Class 2


Published on

Published in: Education
  • Be the first to comment

  • Be the first to like this

No Downloads
Total views
On SlideShare
From Embeds
Number of Embeds
Embeds 0
No embeds

No notes for slide

Class 2

  1. 1. Introductions to Myths
  2. 2. 2 Misconceptions about myths: 1. Myth = falsehood. Example: It’s a myth that if you masturbate too much you’ll go blind. 2. Myths are stories that only very primitive cultures used for entertainment before TV and radio. • In actuality, the word myth comes from the Greek mythos which means word, story, saying. Myths were not created as falsehoods but instead as ways to explain truths. Myths are humans’ attempts (both centuries ago and today) to explain phenomena that could not easily be explained otherwise
  3. 3.  Told by word of mouth (oral tradition)  Exist in multiple versions  Vary by details  Are/were believed by the originating cultures  Are explanations of things that cannot be easily explained otherwise  Express the values/belief/fears of the originating culture
  4. 4.        Folklorists study the motifs in myths and the way the motifs are woven together as building blocks for all myths. Vladimir Propp: whom we shall be studying later found 31 elements common to all folklore. Alan Dundes: contemporary Berkeley professor. Compiled a study of the Cinderella stories across culture, which we will see a part of Max Muller: all myths produced by Indo-Europeans could be understood as originating from symbolic stories, such as Persephone, representing seasons.
  5. 5. Claude Levi-Strauss: Believes that myths explain dualism, conflict between opposing forces.. J.G. Frazer: published a 12 volume mythological study, The Golden Bough, which brought together all the mythical kingships of the world to explain that natural order is for the old king to make way for the new -- or the social order within tribes is reflected in its origin myths.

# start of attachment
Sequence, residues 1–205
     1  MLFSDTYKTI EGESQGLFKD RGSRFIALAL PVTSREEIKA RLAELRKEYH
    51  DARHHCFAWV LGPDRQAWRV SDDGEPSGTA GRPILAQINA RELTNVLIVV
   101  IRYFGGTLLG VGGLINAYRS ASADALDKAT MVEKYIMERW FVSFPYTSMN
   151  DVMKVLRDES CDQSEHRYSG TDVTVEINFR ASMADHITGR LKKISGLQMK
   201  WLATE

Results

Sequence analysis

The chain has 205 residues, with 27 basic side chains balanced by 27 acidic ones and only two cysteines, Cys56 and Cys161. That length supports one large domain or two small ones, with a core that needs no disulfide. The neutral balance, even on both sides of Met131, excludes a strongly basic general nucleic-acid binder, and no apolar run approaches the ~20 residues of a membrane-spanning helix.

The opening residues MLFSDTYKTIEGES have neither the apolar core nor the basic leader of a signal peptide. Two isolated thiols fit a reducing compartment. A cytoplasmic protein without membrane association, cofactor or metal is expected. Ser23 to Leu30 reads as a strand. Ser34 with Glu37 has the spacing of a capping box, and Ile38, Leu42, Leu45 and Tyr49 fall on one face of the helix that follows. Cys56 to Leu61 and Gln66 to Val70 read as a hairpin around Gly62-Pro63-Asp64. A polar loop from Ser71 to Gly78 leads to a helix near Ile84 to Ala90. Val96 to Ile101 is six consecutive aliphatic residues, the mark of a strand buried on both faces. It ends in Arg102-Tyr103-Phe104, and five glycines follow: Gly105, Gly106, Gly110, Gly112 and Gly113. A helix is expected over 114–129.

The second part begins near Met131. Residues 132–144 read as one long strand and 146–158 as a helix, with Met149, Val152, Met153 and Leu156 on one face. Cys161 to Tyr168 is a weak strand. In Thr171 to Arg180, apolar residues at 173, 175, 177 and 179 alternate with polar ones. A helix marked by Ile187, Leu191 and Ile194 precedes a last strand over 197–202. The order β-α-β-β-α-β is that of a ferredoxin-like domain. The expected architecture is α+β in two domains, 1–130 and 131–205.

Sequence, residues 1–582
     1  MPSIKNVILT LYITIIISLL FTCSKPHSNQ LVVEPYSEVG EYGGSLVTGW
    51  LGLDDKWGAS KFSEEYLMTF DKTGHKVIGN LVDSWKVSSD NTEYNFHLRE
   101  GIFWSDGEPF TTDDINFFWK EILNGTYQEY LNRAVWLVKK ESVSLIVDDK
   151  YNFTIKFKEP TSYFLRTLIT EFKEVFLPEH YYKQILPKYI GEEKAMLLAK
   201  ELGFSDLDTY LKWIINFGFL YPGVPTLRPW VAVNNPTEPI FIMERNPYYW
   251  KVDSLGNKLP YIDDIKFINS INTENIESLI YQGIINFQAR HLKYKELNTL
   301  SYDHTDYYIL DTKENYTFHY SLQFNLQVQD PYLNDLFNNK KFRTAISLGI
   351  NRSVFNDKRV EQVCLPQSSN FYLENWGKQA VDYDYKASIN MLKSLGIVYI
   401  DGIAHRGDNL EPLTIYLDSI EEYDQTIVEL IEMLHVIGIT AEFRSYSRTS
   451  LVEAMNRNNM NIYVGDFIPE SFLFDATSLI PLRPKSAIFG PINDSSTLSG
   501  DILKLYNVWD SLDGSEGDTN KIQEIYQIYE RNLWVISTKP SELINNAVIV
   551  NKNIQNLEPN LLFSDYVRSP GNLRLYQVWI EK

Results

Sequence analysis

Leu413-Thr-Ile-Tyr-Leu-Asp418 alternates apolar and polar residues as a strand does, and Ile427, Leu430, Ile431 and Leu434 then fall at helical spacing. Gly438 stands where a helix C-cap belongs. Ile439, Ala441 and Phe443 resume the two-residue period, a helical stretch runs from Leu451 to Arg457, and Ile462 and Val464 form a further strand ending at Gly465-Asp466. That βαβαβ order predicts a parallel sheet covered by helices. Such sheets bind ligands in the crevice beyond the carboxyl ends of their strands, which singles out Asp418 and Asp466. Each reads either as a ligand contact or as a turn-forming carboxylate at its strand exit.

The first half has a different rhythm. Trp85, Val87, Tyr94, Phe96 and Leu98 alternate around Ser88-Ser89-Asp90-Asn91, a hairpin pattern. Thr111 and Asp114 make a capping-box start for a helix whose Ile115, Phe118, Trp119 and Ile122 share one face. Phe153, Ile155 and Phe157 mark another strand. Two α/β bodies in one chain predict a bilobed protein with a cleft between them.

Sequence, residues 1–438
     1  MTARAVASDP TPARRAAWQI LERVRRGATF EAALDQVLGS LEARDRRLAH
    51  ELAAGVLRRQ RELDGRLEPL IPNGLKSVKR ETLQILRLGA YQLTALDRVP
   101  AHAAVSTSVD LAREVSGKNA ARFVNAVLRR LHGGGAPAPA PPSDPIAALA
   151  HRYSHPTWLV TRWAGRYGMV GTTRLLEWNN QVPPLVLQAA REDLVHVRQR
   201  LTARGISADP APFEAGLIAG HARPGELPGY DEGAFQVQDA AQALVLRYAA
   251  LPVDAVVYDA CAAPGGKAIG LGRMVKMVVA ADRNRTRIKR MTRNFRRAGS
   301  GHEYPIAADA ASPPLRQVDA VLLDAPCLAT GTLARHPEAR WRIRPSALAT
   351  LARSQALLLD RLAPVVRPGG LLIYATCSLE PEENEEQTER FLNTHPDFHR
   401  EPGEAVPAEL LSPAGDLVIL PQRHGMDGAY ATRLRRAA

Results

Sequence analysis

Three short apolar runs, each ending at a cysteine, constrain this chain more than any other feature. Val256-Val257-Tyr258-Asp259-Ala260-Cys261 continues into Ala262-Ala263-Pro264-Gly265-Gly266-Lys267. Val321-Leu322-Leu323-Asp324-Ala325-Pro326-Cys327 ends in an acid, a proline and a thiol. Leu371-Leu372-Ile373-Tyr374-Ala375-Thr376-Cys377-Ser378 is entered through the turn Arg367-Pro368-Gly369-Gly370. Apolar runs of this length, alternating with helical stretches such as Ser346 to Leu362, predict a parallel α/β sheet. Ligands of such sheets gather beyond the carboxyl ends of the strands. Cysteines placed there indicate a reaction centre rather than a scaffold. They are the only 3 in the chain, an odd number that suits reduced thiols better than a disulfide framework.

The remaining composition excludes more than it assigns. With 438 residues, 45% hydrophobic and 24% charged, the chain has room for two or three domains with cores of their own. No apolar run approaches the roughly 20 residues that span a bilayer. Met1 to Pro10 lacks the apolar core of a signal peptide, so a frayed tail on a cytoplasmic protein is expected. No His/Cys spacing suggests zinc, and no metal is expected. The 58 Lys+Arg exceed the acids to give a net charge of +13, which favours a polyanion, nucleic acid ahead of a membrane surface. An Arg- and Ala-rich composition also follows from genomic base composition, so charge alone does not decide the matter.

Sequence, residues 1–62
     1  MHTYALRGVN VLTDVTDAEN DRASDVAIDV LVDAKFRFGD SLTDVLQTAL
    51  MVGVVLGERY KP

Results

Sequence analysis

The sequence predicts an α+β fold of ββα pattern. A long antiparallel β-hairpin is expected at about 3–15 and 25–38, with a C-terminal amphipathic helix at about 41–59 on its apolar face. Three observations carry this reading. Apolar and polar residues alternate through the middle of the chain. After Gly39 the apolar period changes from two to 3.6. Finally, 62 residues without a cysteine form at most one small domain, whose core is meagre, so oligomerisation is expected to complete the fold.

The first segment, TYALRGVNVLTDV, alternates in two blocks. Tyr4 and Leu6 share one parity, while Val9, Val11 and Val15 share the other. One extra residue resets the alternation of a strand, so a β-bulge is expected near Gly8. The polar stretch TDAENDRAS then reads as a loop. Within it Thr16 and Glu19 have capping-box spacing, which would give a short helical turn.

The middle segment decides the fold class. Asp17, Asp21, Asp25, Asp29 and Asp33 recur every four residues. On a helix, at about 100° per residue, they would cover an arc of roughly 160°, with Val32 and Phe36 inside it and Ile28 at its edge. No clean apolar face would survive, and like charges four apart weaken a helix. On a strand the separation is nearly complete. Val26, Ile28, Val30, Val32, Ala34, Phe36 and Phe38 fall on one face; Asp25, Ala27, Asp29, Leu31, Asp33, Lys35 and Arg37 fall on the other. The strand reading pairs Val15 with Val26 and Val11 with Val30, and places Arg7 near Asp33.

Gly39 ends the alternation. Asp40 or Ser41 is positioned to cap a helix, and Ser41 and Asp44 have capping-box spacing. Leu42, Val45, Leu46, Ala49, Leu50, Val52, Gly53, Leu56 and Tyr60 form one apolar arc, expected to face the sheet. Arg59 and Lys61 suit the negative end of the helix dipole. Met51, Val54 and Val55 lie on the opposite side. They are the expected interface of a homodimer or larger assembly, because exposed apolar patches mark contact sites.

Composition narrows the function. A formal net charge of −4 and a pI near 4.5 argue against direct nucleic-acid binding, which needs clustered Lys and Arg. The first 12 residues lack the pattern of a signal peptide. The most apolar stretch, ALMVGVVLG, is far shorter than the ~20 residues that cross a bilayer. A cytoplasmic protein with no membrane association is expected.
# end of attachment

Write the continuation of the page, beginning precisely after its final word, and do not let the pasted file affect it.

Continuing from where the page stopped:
6. 6. Sigmund Freud: posited the Oedipus hero, who unknowingly kills his father and marries his mother, reflects the inner desire of the son to kill the father so that he can have the mother all to himself. Carl Jung: believed the principal characters in myths embody archetypes, such as the wise old man, or the nurturing mother Bruno Bettelheim: believed that myths serve as models for human behavior and give meaning and value to life.
  7. 7. Joseph Campbell: is the most well- known. He reads myths symbolically, sees them as attempts to show latent sides of personalities. But he believes that myths work only when they are conscious. • Most mythologists believe that myths are a collection of symbols. Symbolism is an important part of the way all scholars view myths. Signs: finite, practical, unambiguous representations, such as the sign for stop Symbols have more complex, ambiguous meanings. Graphic lines of shapes, words, or ritual actions can be symbols.